Unless we manage to derail the train.
Let’s say that we can do that, that we can derail the train – then, Should we? This is not an easy question, nor does it have an obvious answer. Remember that the train is running at full speed. Derailing a speeding train will kill and injure a substantial part of its passengers (but probably not all of them). The alternative, of course, is that they (i.e. we) all die when the train hits the bottom of the abyss, but if someone would manage to derail the train she would be responsible for the deaths and injuries resulting from that derailment while she would not be responsible for the extinction resulting from the fall into the ravine. Or at least, that is what some moral philosophers would argue.
I’ll just ignore the moral question here, because even if I had an answer to this question, I might not want to share it. So instead, I’ll focus on the other obvious question: Can we actually derail this speeding train (and thereby prevent it from going over the edge)?
Varieties of Utopianism
There may be comfort in dreaming of ideal worlds, but aside from providing such comfort Utopianism – sketching ideal scenarios without taking what’s really possible into account – is of little use. There are several kinds or levels of Utopianism in the context of climate change and its prevention, and all of them are better avoided. (Not in the least because some of them are really Dystopian.)
The most radical version of Utopianism is dreaming of a world in which dangerous climate change is prevented or climate change does not occur at all because it employs a fundamentally different social, economic, and political system. This might be some kind of socialist, anarchist, or primitivist Utopia, or something else entirely, but regardless of its details, it is fundamentally Utopian and impossible to realize. (Closely related to this kind of Utopanism is the Romantic post-catastophic Utopianism of dreaming of a new and better world after the climate-change catastrophe destroyed the current one. What such dreamers fail to realize is that climate change is not a short phase but will lead to millennia of instability that are extremely hostile to any kind of Utopian or even half-decent civilization.)
A second kind of Utopianism is dreaming of the policies that should be implemented now to avoid dangerous climate change: an immediate switch from fossil fuels to renewable energy; abandoning plastics and pesticides; significantly reducing the use of fertilizers and antibiotics; and so forth. This is still a form of Utopianism because such a sudden and drastic change – even though it may very well be necessary – is politically impossible. What most governments have been willing to commit to is laughably inadequate. A non-enforcable promise to try to keep CO₂ levels below a level that is much too high anyway without actually doing anything is apparently the best that politicians and governments can do. As long as the hegemony of neoliberal capitalism (or the hegemony of psychopathy – that is the same thing) prevents the worldwide implementation of any effective climate policy, drafting such policies is an Utopian waste of time. (And by implication, if you want real climate policy, you’ll have to start with a revolution.)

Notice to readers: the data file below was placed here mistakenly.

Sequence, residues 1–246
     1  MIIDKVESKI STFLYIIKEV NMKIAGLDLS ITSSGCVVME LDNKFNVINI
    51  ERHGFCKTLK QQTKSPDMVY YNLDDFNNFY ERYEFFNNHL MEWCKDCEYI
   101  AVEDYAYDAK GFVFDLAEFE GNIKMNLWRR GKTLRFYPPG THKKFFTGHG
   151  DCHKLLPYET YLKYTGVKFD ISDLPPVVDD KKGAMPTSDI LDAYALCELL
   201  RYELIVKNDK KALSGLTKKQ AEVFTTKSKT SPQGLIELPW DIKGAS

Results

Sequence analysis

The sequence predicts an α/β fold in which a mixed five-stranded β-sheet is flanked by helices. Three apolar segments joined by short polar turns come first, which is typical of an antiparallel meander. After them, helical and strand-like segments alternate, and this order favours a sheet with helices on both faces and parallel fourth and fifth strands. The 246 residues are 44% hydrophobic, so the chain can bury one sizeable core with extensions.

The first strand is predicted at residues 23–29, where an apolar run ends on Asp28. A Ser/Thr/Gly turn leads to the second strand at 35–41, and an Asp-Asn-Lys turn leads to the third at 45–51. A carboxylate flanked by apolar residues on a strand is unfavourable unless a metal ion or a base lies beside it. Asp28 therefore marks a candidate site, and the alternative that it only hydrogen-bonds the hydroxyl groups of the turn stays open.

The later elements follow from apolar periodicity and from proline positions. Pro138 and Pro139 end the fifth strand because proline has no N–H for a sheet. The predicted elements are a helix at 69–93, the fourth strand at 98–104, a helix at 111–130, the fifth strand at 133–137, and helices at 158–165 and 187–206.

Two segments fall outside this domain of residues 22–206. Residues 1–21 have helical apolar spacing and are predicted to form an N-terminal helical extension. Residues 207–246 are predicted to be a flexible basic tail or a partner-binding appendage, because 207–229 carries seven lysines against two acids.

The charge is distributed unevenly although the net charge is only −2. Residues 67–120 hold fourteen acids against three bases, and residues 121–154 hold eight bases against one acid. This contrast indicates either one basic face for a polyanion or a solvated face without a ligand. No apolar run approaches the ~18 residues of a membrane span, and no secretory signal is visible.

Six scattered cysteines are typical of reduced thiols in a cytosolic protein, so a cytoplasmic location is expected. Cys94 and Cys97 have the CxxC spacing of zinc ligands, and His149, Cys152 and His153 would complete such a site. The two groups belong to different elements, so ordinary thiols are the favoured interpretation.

A third level of Utopianism is the idea of adaptation to climate change without making fundamental changes. This kind of Utopianism tends to focus on local “solutions” such as urban gardening and other ways to cool down cities and various (other) kinds of technological adaptations. It is important to realize, however, that such proposals are – and can only be – part of the aforementioned “armed lifeboat” strategy. The idea is to make global warming bearable in the cities of the rich Western world, while simultaneously preventing the victims of the worst effects of climate change (i.e. people from poorer countries) to enter those cities (or any other part of the countries around them). But the armed lifeboat strategy is itself Utopian (or actually Dystopian). It is impossible to keep refugees out if their numbers are in the tens or hundreds of millions (rather than mere tens or hundreds of thousands as they are now) and they will reach such numbers within decades, and it is impossible to build a fortress that is impenetrable to natural disaster. No fortress can withstand the pressure that will be created by climate change and its secondary disasters (refugee flows, armed conflict, etc.).
The armed lifeboat strategy is Utopian because it is an attempt to avoid necessary change, an attempt to keep the effects of climate change out as much (and as long) as possible. It is Utopian because it is insufficient – a fortress is not a shelter and doesn’t protect you from death if the whole world around you is dying. And a fortress or lifeboat cannot prevent the latter because without worldwide change Hothouse Earth is inevitable. The armed lifeboat strategy is Utopian because the lifeboat will inevitably sink. And the longer the lifeboat depends on brute force and feigned blindness for the suffering of outsiders to isolate itself from the sea of chaos around it, the deeper that sea gets, and the deeper it will sink. The armed lifeboat strategy is Dystopian because it involves neo-fascist repression at home and a callous disregard for suffering abroad.